With regard to the merits of the case, the learned counsel for the assessee referred to a decision of the Division Bench of this Court in Dr.P.K.Vasanthi Rangarajan v. Commissioner of Income Tax [(2012) 252 CTR 0336], wherein, the Hon’ble Division Bench held that there is no inhibition in the assessee claiming the benefit of investment made in four flats thereby gaining the benefit under Section 54F of the Act. The Court took note of the decision in TCA No. 656 of 2005 dated 04.01.2012. However, we are not examining the merits of the matter at this juncture since, we are only called upon to answer the Substantial Question of Law with regard to the assumption of jurisdiction of the Commissioner under Section 263 of the Act. The power under Section 263 of the Act is not exercisable under certain circumstances. In this regard, we refer to Section 263(1) explanation
1(c), which reads as follows:
“Revision of orders prejudicial to revenue
263(1)… (a)… (b)…
(c) Where any order referred to in this sub-section and passed by the Assessing Officer had been the subject matter of any appeal [filed on or before or after the 1st day of June, 1988], the powers of the Commissioner under this Sub-section shall extend and shall be deemed always to have extended to such matters as had not been considered and decided in such appeal.”
The above explanation makes it clear that when the appeal is pending before the Commissioner, the exercise of jurisdiction under Section 263 of the Act is barred. The Commissioner in the order dated 14.03.2012 states that the appeal pertains to the claim made by the assessee under Section 54 of the Act and it has got nothing to do with the order passed by the Assessing Officer under Section 54F of the Act. The said finding rendered by the Commissioner is wholly unsustainable, since the assessee went on appeal against the reassessment order dated 31.12.2009 stating that his claim for deduction under Section 54 of the Act should be accepted.
Therefore, in the process of considering as to what relief the assessee is entitled to, the Assessing Officer held that the assessee is entitled to claim deduction under Section 54F of the Act and assigned certain reasons for that. Therefore, the larger issue was pending before the Commissioner of Appeals, and in such circumstances, the Commissioner could not exercise power under Section 263 of the Act on account of the statutory bar. Therefore, on this ground also, the assumption of jurisdiction under Section 263 of the Act was wholly erroneous.
As noticed above, the Assessing Officer while completing the re-assessment proceedings has assigned certain reasons for coming to a conclusion that the assessee is entitled for deduction under Section 54F and not under Section 54 of the Act. This reason assigned by the Assessing Officer has been found by us to show due application of mind. As observed, we cannot expect an Assessing Officer to write a judgment. In such circumstances, the view taken by the Commissioner in his order under Section 263 of the Act has to be termed as a change of opinion, or in other words, the Assessing Officer adopted one of the two views possible and in such circumstances, it cannot be stated that the order is prejudicial to the interest of the Revenue as well as erroneous. For the purpose of exercise of jurisdiction under Section 263 of the Act, the twin tests are to be satisfied and even assuming, the re-assessment order is to be held as erroneous, it cannot be stated to be prejudicial to the interest of Revenue as every erroneous order cannot be subject matter of Revision under Section 263 of the Act. Further more, if the order passed by the Commissioner under Section 263 of the Act as confirmed by the Tribunal is allowed to stand, then the very purpose of the remand order against the original re-assessment proceedings would become a fait accompli.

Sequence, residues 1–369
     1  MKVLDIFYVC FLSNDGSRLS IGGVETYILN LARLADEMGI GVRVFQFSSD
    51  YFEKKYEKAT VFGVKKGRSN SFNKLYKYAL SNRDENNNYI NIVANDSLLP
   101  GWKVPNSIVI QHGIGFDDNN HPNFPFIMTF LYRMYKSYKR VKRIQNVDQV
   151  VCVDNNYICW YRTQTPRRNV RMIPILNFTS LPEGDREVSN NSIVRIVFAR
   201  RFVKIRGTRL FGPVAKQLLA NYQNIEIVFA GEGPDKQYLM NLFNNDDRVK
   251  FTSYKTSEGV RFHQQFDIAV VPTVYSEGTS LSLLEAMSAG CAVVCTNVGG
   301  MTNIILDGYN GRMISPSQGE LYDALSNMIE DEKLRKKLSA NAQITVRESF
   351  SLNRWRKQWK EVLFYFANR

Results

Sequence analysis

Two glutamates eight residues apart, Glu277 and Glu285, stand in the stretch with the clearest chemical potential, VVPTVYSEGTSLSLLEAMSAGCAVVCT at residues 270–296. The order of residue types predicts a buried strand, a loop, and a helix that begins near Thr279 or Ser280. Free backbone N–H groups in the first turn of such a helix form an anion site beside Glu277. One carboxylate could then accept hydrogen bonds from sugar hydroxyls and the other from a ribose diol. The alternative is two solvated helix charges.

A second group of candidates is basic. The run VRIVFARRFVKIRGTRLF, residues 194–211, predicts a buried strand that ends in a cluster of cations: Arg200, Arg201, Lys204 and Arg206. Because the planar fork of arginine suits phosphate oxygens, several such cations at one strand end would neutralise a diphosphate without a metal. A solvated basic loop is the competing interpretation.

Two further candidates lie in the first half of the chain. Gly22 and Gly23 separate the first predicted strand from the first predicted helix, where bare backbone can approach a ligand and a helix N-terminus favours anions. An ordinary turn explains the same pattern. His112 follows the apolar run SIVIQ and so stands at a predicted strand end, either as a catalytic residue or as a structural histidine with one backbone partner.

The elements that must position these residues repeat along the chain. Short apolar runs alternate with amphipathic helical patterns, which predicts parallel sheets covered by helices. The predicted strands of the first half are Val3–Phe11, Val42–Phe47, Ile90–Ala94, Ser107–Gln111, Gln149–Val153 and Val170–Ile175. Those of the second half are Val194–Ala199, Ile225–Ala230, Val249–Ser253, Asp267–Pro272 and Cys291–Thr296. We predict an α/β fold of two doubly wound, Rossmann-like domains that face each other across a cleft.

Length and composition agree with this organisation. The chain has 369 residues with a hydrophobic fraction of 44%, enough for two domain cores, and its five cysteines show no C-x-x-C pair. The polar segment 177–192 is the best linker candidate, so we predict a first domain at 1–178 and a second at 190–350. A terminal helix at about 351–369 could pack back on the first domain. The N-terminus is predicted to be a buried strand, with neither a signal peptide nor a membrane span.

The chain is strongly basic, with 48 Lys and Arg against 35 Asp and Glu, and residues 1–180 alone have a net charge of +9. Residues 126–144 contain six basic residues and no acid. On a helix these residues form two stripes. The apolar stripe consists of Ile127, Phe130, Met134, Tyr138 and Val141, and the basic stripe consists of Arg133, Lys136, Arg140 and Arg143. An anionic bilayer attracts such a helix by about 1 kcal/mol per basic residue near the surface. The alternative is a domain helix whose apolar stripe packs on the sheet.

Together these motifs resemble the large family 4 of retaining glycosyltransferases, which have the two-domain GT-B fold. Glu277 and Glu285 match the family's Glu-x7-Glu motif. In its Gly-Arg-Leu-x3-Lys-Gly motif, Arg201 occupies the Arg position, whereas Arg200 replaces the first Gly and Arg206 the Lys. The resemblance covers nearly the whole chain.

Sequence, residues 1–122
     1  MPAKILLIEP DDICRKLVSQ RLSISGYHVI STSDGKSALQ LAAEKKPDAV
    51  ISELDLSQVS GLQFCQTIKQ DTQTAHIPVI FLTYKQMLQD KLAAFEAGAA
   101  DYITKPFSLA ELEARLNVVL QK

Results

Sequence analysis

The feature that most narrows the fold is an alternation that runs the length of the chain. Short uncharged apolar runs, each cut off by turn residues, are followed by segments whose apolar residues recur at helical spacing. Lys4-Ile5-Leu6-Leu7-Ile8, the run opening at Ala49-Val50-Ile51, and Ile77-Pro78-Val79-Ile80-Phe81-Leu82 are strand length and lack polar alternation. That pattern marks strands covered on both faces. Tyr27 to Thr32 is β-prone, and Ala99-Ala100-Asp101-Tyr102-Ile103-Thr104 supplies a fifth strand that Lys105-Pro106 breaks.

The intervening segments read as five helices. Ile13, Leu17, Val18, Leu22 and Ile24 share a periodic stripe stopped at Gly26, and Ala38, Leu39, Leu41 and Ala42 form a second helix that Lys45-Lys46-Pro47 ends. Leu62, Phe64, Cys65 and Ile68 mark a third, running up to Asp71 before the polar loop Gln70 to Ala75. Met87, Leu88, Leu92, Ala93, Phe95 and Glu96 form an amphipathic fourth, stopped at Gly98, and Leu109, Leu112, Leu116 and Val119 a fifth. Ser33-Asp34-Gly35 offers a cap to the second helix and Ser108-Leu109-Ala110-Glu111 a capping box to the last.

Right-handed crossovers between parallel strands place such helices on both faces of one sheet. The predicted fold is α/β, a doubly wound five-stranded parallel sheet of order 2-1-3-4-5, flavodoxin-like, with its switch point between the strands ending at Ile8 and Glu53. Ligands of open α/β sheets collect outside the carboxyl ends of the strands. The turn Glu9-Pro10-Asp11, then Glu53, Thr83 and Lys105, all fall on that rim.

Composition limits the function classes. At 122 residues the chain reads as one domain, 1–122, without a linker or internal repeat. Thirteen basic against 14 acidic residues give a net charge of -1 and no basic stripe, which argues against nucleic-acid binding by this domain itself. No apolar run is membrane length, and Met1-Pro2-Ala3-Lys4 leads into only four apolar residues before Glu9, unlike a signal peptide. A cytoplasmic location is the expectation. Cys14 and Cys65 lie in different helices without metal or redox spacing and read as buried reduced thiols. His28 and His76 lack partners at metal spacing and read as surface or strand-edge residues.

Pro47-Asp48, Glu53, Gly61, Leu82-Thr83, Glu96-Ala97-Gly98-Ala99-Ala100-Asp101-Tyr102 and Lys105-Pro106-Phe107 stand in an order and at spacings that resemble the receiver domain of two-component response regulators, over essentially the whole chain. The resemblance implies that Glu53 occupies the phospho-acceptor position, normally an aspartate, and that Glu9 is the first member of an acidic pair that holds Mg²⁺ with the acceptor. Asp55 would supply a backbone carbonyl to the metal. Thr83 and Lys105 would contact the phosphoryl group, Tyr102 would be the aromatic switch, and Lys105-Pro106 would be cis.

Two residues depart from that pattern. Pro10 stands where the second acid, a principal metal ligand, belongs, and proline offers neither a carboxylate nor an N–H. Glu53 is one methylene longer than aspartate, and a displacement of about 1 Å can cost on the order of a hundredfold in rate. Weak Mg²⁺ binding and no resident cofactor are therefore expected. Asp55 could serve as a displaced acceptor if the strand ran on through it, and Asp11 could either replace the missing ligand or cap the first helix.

Thus, for the above reasons we are fully satisfied that the assumption of jurisdiction by the Commissioner under Section 263 of the Act was wholly without jurisdiction as the twin tests have not been satisfied and consequently, the order dated 14.03.2012 as confirmed by the Tribunal by order dated 13.07.2012 calls for interference.
In the result, the appeal filed by the assessee is allowed and the order passed by the Commissioner dated 14.03.2012, under Section 263 of the Act as confirmed by the Tribunal by order dated 13.07.2012 are set aside, and it is left open to the assessee to pursue her claim before the Assessing Officer. Accordingly, the Substantial Questions of Law are answered in favour of the assessee. Since, the matter has been pending for a quite long number of years and there has been repeated orders of assessment, we direct the Assessing Officer to give effect to the re-assessment order dated 31.12.2009, wherein the Assessing Officer had granted the benefit of Section 54F of the Act to the assessee. No costs.
[Citation : 409 ITR 567]